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The category “multi-pitch bolt routes”
is a wide ranging one that encompasses routes very different in nature. A perfectly bolted three pitch route to the top of a crag can be classed in much the same way as multi-pitch bolt routes at altitude, such as those found on Mt Blanc. For even though these two types of routes differ considerably in overall length, situation and quality of in-situ gear, they still share the fact that they rely on bolts for protection on both the route and stances.

It is obviously difficult
to generalise, but routes equipped by abseil tend to have equally spaced, good quality bolts (10mm, resined, abseil chains on the stances, etc.). On the other hand, routes bolted on lead tend be more run-out, with bolts either being 8mm hand placed or 10mm drilled. Often these routes require some other form of natural pro on the easier sections, especially if they are in the mountains. And, in general, stances tend to be best when the descent is via abseil.

Bearing in mind
all these different factors, it is essential to know the fundamental techniques and the necessary gear to safely climb a multi-pitch route. These techniques and manoeuvres are described below in a detailed, step-by-step analysis.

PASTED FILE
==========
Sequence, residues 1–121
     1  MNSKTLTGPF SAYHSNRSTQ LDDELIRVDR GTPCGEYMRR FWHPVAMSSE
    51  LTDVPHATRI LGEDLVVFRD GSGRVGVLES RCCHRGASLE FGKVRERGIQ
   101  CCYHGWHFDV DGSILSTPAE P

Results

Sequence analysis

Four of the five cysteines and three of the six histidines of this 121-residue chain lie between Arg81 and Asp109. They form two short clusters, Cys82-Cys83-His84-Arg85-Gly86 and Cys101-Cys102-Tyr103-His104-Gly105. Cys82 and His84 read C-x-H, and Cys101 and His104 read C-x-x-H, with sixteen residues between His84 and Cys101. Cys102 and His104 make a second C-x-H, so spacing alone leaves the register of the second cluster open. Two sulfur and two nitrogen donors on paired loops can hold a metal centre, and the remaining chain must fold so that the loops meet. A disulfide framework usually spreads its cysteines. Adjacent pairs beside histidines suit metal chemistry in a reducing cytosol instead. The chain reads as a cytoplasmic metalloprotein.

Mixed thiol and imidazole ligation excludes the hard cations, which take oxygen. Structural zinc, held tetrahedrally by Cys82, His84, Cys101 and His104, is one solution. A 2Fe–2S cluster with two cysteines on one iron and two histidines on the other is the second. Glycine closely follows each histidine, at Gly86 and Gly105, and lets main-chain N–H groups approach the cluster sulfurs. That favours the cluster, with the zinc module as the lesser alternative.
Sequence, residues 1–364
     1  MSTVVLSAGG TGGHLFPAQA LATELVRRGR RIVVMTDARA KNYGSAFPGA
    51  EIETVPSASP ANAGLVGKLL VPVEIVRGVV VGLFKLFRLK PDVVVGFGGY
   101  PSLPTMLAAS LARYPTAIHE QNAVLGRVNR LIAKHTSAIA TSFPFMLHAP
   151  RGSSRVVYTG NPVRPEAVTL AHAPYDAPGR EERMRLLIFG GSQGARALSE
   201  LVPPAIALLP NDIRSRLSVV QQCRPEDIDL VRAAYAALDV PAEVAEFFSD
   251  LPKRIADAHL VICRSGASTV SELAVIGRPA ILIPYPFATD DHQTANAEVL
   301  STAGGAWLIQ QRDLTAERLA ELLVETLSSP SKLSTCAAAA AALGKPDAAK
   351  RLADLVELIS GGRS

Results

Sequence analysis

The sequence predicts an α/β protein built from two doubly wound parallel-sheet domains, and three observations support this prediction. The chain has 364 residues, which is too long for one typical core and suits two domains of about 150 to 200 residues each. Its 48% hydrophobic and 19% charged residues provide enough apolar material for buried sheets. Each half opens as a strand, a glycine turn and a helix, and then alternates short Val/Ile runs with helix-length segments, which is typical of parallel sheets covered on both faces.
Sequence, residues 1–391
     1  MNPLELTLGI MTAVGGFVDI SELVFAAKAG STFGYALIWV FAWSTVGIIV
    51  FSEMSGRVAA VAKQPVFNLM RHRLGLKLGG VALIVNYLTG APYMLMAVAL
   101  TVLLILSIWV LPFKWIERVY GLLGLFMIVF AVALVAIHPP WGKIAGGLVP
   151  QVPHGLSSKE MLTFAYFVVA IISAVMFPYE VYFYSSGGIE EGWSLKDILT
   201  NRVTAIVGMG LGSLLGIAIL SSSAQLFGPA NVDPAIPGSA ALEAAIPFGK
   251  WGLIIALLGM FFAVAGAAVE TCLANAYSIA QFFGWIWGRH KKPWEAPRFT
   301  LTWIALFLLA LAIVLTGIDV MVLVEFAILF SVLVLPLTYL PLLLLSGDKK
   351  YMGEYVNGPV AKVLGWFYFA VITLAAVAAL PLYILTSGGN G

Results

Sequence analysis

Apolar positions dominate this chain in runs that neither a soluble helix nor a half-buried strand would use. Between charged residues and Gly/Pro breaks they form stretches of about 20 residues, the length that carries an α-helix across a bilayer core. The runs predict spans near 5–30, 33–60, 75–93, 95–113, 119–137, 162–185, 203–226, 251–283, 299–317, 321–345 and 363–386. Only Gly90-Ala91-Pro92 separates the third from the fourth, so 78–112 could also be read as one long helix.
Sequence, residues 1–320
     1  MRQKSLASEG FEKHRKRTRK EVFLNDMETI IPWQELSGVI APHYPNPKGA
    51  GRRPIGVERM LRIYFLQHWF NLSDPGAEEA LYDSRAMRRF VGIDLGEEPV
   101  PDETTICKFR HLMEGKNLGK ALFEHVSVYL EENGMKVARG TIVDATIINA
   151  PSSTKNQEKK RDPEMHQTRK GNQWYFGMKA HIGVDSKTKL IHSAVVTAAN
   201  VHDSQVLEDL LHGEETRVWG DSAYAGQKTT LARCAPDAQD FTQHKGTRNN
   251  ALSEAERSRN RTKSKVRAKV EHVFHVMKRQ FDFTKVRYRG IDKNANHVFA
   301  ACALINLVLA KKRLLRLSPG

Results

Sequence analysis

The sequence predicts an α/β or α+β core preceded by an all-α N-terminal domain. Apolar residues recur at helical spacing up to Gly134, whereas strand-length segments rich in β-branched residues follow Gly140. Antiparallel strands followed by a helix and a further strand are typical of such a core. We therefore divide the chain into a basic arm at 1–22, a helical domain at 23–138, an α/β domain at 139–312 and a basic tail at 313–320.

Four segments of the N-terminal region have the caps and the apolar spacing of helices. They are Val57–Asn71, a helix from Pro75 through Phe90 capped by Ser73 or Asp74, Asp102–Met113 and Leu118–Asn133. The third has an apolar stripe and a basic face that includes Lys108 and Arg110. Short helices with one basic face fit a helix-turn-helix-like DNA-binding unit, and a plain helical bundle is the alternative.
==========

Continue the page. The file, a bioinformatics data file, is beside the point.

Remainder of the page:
This article is not aimed
at the beginner, nor does it cover trad routes or ice routes. It is not intended as an exhaustive reference sheet concerning this complex topic.

For more detailed advice
on how best to proceed on the types of routes not discussed in this article, please consult the numerous manuals available.

Types of stances
1) Twin bolt stance not connected
2) Twin bolt stance connected by a chain
3) Twin bolt stance connected by threads

- Introduction
- Connected in series
- Connected in parallel
- Other
- Abseil
- Gear
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